Are our demands for socially responsible companies and governments unreasonable?
How often do you as a consumer, employee, investor or everyday citizen compromise your stated values for convenience or cost savings? When push comes to shove, how easily would you abandon what you say you value to protect your personal interests? Can we really blame corporations and governments for cutting corners when we may often do so ourselves?
Drawing on fascinating research and case studies, this public lecture reveals the complexity of human behaviour as it relates to the choices and actions we actually make versus those we believe we would make. It challenges the assumption that corporations, governments and NGOs can achieve the level of social responsibility we believe they must, while being composed of demonstrably imperfect beings – ourselves.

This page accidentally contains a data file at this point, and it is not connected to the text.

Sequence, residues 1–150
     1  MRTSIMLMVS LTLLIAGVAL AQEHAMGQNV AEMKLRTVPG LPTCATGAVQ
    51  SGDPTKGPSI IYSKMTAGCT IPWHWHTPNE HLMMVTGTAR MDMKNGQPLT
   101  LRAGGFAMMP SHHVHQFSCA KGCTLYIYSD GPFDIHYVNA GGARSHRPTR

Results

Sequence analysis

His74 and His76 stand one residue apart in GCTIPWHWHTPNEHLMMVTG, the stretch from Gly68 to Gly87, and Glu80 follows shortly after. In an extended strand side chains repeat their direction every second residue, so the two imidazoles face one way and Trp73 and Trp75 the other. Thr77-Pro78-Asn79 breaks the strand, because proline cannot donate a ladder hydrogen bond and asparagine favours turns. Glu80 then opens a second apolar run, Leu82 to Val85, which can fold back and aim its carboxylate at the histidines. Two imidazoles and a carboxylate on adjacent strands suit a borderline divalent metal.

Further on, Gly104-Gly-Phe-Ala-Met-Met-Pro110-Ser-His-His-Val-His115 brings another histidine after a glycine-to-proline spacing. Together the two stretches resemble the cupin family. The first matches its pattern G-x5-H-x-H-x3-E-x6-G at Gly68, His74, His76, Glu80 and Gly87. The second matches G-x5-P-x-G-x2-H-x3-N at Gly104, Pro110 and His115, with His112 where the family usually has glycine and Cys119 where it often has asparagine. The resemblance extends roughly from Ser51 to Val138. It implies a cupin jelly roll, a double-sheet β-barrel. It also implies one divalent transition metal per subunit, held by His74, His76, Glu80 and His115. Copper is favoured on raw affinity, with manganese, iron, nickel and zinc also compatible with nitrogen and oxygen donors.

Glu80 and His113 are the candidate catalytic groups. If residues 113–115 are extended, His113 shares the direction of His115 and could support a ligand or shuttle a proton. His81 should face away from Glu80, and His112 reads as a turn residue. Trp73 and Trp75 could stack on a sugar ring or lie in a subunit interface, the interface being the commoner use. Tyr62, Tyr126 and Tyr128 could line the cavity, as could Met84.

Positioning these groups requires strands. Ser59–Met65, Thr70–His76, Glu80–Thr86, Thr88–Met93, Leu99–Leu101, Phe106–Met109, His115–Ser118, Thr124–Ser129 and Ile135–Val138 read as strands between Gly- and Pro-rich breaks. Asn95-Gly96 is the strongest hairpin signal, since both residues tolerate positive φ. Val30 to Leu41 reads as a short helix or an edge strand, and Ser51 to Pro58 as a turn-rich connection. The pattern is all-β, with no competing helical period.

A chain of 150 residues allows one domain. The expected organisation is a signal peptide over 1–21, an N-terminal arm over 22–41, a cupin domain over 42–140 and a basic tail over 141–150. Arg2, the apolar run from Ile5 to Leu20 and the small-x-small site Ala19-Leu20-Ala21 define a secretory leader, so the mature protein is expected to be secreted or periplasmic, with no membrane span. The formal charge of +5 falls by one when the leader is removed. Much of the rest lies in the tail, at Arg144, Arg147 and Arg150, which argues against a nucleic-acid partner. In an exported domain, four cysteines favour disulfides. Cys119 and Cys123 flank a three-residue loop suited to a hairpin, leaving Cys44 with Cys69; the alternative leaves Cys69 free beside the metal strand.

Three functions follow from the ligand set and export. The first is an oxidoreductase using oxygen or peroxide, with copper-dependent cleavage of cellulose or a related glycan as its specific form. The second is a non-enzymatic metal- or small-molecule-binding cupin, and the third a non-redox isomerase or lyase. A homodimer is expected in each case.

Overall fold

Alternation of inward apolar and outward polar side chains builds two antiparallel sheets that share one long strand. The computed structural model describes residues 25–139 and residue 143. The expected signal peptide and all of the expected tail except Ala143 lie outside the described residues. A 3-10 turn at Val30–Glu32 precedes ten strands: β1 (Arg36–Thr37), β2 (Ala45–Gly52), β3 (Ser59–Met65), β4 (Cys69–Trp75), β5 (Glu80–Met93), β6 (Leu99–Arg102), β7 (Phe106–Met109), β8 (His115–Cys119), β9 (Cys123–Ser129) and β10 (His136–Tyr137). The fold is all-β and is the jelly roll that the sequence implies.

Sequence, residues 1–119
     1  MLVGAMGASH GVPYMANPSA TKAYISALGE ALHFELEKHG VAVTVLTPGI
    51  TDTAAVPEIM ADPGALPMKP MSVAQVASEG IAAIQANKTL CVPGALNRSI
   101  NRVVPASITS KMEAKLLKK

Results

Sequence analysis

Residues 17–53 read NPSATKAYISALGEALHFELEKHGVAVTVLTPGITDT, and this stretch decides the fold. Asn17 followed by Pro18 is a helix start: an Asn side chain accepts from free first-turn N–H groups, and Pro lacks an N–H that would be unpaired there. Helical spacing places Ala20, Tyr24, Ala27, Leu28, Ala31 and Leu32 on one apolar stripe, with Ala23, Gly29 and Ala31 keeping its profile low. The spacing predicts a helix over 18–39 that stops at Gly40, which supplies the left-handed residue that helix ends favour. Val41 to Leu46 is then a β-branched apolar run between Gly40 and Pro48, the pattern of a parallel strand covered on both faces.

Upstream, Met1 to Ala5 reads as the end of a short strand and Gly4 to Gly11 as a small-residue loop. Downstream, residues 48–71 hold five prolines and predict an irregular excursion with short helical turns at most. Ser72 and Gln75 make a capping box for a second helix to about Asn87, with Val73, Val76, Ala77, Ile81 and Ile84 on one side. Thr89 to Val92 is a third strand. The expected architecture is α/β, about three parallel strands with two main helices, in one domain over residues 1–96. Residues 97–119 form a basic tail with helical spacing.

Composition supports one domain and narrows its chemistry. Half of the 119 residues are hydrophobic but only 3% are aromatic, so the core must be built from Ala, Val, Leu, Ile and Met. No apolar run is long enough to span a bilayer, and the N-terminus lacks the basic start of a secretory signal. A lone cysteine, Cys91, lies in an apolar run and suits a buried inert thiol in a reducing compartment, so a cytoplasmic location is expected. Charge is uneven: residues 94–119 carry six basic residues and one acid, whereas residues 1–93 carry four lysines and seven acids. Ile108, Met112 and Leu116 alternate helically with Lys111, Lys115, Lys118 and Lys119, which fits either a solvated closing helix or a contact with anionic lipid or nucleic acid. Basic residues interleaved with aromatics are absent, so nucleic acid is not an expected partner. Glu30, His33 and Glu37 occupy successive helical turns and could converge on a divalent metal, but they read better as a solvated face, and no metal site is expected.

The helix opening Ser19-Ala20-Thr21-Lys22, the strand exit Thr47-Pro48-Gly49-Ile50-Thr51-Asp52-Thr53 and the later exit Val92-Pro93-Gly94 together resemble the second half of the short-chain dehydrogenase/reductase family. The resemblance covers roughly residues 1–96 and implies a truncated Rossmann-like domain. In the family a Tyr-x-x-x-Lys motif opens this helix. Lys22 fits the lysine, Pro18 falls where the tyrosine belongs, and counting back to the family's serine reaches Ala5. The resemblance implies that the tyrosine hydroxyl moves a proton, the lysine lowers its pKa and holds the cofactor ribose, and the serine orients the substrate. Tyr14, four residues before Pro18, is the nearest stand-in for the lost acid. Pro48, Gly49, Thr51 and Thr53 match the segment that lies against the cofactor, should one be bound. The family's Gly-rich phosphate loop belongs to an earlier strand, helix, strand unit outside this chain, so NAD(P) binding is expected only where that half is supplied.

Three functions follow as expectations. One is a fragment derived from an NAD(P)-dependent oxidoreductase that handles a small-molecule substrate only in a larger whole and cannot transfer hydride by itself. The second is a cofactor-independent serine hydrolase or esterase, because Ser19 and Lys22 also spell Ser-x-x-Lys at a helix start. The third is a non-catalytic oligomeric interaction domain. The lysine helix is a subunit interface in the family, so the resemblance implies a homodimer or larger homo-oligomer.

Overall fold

Timothy Devinney is Professor of Strategy at UTS Business School and one of Australia's leading business scholars. He is a Fellow of the Academy of International Business, the Australia-New Zealand Academy of Management and the Advanced Institute of Management (UK) and the Rockefeller Foundation. He is the only management academic to be awarded an Alexander von Humboldt Foundation Research Award and Fellowship. He has MA, MBA and PhD degrees from the University of Chicago in Economics and Statistics and a BSc (Hons) from Carnegie Mellon University in Psychology and Applied Mathematics.
Introduced by Christopher Zinn, Director Communications & Campaigns, CHOICE.
UTSpeaks is a free public lecture series presented by UTS experts discussing a range of important issues confronting contemporary Australia.